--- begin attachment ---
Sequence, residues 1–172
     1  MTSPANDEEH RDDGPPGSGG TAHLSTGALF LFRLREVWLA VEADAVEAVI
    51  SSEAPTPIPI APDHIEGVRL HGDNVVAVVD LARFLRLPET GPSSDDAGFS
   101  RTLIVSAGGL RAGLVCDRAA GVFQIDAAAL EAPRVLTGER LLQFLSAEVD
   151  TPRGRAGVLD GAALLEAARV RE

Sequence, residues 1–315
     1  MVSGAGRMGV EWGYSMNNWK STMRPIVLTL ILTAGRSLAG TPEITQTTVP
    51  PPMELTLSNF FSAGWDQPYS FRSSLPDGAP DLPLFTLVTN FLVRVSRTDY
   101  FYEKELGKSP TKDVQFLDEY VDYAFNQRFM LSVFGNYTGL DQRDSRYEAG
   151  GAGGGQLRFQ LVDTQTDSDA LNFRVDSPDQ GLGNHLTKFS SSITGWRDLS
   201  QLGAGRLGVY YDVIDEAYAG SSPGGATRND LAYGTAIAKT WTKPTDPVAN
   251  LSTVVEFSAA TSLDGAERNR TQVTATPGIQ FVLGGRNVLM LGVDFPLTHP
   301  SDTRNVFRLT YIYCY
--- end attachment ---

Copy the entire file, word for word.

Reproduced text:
Sequence, residues 1–172
     1  MTSPANDEEH RDDGPPGSGG TAHLSTGALF LFRLREVWLA VEADAVEAVI
    51  SSEAPTPIPI APDHIEGVRL HGDNVVAVVD LARFLRLPET GPSSDDAGFS
   101  RTLIVSAGGL RAGLVCDRAA GVFQIDAAAL EAPRVLTGER LLQFLSAEVD
   151  TPRGRAGVLD GAALLEAARV RE

Sequence, residues 1–315
     1  MVSGAGRMGV EWGYSMNNWK STMRPIVLTL ILTAGRSLAG TPEITQTTVP
    51  PPMELTLSNF FSAGWDQPYS FRSSLPDGAP DLPLFTLVTN FLVRVSRTDY
   101  FYEKELGKSP TKDVQFLDEY VDYAFNQRFM LSVFGNYTGL DQRDSRYEAG
   151  GAGGGQLRFQ LVDTQTDSDA LNFRVDSPDQ GLGNHLTKFS SSITGWRDLS
   201  QLGAGRLGVY YDVIDEAYAG SSPGGATRND LAYGTAIAKT WTKPTDPVAN
   251  LSTVVEFSAA TSLDGAERNR TQVTATPGIQ FVLGGRNVLM LGVDFPLTHP
   301  SDTRNVFRLT YIYCY